A flagship charter school has lost nearly a quarter of its students and is still battling problems as it nears the end of its first year.
Problems at Te Kura Hourua ki Whangaruru come as new charter or "partnership" schools prepare to open.
The Ministry of Education has extended a review of the Northland school and put it on notice, saying it expects issues to be resolved "in a very timely manner".
Education Minister Hekia Parata has said the school "needs to do better".
The school, on a farm 65km northwest of Whangarei, was one of five chosen after a lengthy selection process to prove privately-run, publicly-funded schools can work in New Zealand.
When problems including management infighting and serious health and safety issues such as bullying and drug use were revealed in June, the ministry said the school's issues were resolved or being resolved.
But ongoing problems at the school include the quality of teaching, learning, management, leadership and student engagement.
The school's roll was 47 last month - well below its guaranteed minimum roll of 71 and the 61 students who started the year.
Reports on all charter schools were recently published - except for the "readiness review" of Whangaruru.
The ministry's head of sector enablement and support, Katrina Casey, said the school's report was received from the Education Review Office near the end of September.
It found issues with the quality of teaching, learning, management, leadership and student engagement.
"While progress has been made in these areas, there is still work to be done ... we will continue to monitor the performance of the school against its contract to ensure that what is set down in the contract is being done.
"We will also closely monitor the school's resolution of the issues raised in the ERO readiness report, which we expect to happen in a very timely manner."
Ms Parata said partnership schools were working with students who had been out of education for a long time and "the fact they're now back in education is significant".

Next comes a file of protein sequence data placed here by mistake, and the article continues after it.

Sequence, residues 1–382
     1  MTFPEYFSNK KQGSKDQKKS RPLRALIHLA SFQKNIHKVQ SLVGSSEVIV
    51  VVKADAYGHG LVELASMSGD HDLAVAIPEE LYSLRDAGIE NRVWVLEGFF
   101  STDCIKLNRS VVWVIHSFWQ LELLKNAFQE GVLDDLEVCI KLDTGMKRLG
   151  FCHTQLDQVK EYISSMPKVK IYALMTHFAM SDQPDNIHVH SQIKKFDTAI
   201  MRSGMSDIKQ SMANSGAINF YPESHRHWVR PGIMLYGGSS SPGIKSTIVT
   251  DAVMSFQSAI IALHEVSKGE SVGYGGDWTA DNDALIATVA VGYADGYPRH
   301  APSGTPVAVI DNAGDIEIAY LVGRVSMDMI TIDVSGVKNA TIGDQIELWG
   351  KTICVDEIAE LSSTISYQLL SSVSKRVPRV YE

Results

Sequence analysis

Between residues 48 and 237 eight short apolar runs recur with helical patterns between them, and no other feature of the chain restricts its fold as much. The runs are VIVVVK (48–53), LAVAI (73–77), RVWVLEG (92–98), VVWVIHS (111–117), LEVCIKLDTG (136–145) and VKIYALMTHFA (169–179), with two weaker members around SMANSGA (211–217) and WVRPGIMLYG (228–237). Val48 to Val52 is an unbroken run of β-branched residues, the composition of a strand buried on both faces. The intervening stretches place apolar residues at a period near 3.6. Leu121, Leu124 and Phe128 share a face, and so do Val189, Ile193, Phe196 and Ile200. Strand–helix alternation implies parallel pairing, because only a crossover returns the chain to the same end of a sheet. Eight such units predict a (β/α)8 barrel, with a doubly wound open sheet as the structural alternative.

Whangaruru had some particular challenges in the first year and had been given time to address these.
"There are contractual provisions that bind the school and the ministry and they're acting in accordance with those provisions. Whangaruru knows it needs to do better."
Labour's education spokesman, Chris Hipkins, said there was clear evidence the school was not ready to open before the first school day, and Ms Parata had kept her "head in the sand" ever since.
"This is a failed model. It was supposed to be about giving kids a better chance, and this school is clearly failing and the Government isn't doing anything about it."
The school, which is run by the Nga Parirau Matauranga Trust, did not respond to a request for comment.
Trustees have previously blamed the drop in enrolment on the school's isolated location and media scrutiny.
What are charter schools?
Charter schools, officially called partnership schools in New Zealand, are publicly-funded but privately-run. More common in the United States, the model was first established here this year, with five schools opening.
Why were they introduced?
They were established under a confidence and supply agreement between National and the Act Party following the 2011 general election. They offer choice to parents whose children were being failed by the standard school system, the Government says, and innovations could be adopted in the state sector.
How have they performed so far?
End-of-year results are not yet known, however according to a June Cabinet paper four of the schools have shown strong progress, while Te Kura Hourua ki Whangaruru faces continuing issues. An independent evaluation of the partnership school model will be staged over four years, with the first report due early next year.
How many more will be set-up?
Four more charter schools will open next year, bringing the total to nine. There is no indication yet on whether more will open in following years.